Sunday, December 16, 2012

Education Drivers, Innovation, Culture and Targets

Education Drivers (Fullan)
  • personalised
  • student centred
  • capacity
  • systemness
System Needs & Change (Clayton Christensen)
  • efficiency (faster & cheaper)
  • sustaining (improve current system needs),
  • disruptive (make complicated solutions simpler)
  • Technologies 
    • internet
    • ubiquitous
    • mobile
    • efficient (cost and HR support)
    • rich content
Purpose and Target
Doing the same things the same way will not work
Move from a centralised authority to a discreet and targeted system
  • focus on targeted client audiences (not at the system middle)
  • view schools as interconnected cottage industries
  • focus on teaching and learning work practices (Hattie)
  • Why, then how then  what 
Innovation and Culture
  • innovation is as important for leaders as strategy and operational excellence
    • Innovation to enable continuous improvement (not big bang)
  • Disciplined, deliberate, relentless
  • Developing business units culture, artefacts and explicit purpose.
  • Identify school site culture and focus on variants of service.
    • One size doesn't fit all.
    • Nurture the demand to develop program flavours
Research (Hattie) and targeted application
  • Packages of support based on the following the big influences on learning
    • Student self-assessment/self-grading
    • Response to intervention
    • Teacher credibility
    • Providing formative assessments
    • Classroom discussion
    • Teacher clarity
    • Feedback
    • Reciprocal teaching
    • Teacher-student relationships fostered
    • Spaced vs. mass practice
    • Meta-cognitive strategies taught and used
    • Acceleration
    • Classroom behavioral techniques
    • Vocabulary programs
    • Repeated reading programs
    • Creativity programs
    • Student prior achievement
    • Self-questioning by students
    • Study skills
    • Problem-solving teaching
    • Not labeling students
    • Concept mapping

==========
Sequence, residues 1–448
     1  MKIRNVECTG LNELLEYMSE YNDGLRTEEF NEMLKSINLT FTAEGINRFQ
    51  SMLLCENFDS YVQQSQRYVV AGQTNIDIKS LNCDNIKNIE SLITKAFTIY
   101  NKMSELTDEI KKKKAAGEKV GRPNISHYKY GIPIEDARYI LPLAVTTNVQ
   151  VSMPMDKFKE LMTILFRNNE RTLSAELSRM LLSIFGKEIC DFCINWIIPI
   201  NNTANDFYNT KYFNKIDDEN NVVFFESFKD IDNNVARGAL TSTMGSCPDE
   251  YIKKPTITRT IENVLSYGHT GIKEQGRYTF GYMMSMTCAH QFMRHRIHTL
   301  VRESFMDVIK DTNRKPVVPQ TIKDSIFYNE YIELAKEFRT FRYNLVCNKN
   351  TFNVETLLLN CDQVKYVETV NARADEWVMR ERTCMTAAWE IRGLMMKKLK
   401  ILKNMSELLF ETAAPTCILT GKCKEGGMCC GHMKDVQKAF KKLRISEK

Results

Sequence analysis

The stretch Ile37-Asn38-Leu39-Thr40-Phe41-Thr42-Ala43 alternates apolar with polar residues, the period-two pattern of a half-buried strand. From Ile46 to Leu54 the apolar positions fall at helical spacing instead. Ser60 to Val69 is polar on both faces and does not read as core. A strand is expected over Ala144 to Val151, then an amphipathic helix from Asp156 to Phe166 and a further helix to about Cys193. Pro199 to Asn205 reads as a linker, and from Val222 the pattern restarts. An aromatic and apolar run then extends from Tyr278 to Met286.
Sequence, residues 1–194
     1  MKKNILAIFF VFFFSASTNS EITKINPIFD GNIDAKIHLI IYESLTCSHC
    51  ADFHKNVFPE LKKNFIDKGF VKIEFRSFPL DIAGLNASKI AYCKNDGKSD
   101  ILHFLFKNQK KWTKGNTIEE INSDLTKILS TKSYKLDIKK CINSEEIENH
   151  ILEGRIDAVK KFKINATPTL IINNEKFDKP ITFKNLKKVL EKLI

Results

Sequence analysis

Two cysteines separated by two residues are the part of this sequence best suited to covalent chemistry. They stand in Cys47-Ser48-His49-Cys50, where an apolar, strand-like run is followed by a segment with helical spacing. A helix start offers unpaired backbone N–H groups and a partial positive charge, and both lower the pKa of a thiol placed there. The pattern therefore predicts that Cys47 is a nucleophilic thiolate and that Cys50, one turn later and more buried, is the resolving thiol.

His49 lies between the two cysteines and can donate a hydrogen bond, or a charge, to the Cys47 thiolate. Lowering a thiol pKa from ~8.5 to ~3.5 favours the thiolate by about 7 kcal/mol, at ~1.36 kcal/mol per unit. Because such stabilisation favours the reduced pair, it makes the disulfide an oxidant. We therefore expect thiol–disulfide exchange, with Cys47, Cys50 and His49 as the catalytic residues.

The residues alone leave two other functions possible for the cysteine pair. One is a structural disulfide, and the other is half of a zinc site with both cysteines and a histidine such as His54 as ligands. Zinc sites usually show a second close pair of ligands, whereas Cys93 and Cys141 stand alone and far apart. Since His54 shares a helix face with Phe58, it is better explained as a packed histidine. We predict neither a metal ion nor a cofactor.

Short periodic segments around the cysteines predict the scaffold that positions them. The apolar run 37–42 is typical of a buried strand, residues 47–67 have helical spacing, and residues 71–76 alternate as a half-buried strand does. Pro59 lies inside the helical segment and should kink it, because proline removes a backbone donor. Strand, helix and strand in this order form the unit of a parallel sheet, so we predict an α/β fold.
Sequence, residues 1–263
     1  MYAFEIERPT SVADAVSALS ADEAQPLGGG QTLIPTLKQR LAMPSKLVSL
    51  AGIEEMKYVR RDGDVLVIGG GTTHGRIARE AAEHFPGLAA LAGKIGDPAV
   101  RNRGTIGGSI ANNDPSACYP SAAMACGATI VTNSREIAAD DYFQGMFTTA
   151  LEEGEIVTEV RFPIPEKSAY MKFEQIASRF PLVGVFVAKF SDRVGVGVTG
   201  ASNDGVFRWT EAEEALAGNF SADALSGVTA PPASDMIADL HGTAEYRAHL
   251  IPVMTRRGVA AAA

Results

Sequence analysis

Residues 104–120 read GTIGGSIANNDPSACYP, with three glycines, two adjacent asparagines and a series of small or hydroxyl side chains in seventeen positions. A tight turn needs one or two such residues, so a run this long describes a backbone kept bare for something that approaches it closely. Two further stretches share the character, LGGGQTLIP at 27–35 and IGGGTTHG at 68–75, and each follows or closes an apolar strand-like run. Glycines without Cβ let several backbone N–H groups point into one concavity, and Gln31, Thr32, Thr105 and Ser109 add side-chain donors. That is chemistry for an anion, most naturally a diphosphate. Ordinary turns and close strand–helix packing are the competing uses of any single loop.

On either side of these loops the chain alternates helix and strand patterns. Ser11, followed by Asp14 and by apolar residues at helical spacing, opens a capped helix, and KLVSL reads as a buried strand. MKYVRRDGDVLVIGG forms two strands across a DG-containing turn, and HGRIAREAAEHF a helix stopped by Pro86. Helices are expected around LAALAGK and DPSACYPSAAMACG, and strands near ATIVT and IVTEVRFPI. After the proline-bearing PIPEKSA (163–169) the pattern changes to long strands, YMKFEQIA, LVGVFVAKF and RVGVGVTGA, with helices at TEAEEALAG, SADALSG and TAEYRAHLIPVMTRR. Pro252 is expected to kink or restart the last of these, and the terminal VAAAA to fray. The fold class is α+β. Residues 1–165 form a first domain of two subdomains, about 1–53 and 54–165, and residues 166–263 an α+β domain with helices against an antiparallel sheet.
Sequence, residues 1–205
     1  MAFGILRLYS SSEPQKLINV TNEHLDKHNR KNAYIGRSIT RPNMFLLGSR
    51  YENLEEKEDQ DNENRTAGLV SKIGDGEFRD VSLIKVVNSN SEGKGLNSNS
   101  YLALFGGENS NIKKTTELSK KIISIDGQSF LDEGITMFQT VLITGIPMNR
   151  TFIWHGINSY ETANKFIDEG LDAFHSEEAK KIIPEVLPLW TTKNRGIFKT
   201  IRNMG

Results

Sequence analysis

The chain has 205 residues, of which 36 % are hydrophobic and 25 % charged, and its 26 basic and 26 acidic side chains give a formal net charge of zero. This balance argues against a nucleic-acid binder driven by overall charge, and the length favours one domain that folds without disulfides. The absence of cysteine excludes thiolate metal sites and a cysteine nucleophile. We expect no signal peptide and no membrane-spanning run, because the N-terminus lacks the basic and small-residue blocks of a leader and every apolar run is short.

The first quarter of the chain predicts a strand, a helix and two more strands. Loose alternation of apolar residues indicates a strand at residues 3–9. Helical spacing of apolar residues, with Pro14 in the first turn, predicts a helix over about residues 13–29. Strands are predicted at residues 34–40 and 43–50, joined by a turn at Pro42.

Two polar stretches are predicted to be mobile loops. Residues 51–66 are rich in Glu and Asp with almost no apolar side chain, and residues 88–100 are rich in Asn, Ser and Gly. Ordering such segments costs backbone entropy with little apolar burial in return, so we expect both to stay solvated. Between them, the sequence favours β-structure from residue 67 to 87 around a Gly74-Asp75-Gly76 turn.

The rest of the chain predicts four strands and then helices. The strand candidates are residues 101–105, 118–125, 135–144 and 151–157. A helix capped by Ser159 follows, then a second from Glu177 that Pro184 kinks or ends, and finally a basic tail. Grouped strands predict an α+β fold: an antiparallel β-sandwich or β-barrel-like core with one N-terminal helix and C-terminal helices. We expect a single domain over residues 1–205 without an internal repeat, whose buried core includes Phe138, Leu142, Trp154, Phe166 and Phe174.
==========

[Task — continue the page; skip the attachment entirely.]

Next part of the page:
• Cooperative vs individualistic learning
    • Direct instruction
    • Tactile stimulation programs
    • Mastery learning
    • Worked examples
    • Visual-perception programs
    • Peer tutoring
    • Cooperative vs competitive learning
    • Phonics instruction
    • Student-centered teaching
    • Classroom cohesion
    • Peer influences
    • Classroom management techniques
    • Outdoor-adventure programs

Sunday, December 9, 2012

Strategy and Culture

Culture eats strategy 

Culture can be identified in a business unit's artifacts:
  • vision, 
  • norms, 
  • symbols, 
  • beliefs, 
  • behaviors, and 
  • traditions.
Strategy - successful strategies need supportive cultures.



Q: How does a business unit get the best out of strategy in periods of uncertainty and structural change. (How do you get buy-in to achieve what needs to be achieved?)



The Culture of a Business Unit


Business Unit Questions:

  1. How do our artifacts describe us?
  2. What artifacts actively attracts people to use our services?
  3. What artifacts actively discourage success?

Immediate culture questions

  • Vision and Mission 
    • how is the vision made evident throughout all of our activities?
    • is the vision and mission persuasive? 
  • Collaboration 
    • how do our projects cross support and benefit each other?
  • Education 
    • how do project leaders co-educate each other and what artifacts demonstrates a culture of co-learning?
    • Is our unit a skilled team or a unit of skilled individuals?
  • Recognition 
    • how are achievements (both small and large) celebrated?
  • Traditions
    • how adaptable is our business unit to change?

Belief Strategy Clients

Business units who are charged with innovation, change of practice and emergence must contend with many complex cultural artifacts across many sites. This includes working with other business units, divisions and (in the case of education) school sites. It is important to have a persuasive business culture and a belief in our services, if we are to influence other site cultures.

Purpose and Belief:

Simon Sinek: How great leaders inspire action through purpose (read more).

  • People don't buy what you do, they buy why you do it  
    • Inspire by Why then How then What
      • Have a Purpose and have a Belief in your purpose
      • Have a strategy and plan.
      • Have explicit results.

  • Believe in what you want your clients to believe in.

Strategies - Clients

Strategies that involves innovation, change of practices and emergence will require elements containing conflict and common interest.

Strategy: How and What

  1. Look forward and reason backwards.
  2. If you have a dominant strategy use it. 
  3. Eliminate oppositional dominant strategies from consideration (if it is doesn't support the purpose).
  4. Look for equilibrium if other strategies are beneficial and supports the purpose. 

  • Most people will  think only one or two steps ahead (strategic steps to what they want). 
  • They will not have a clear purpose, sufficient strategic steps and explicit targets to achieve what they want.
  • Good strategists need to know what steps are required to achieve the explicit want.
  • Good strategist plan three, four and if needed five steps ahead.

Why, how and what trumps let a thousand poppies bloom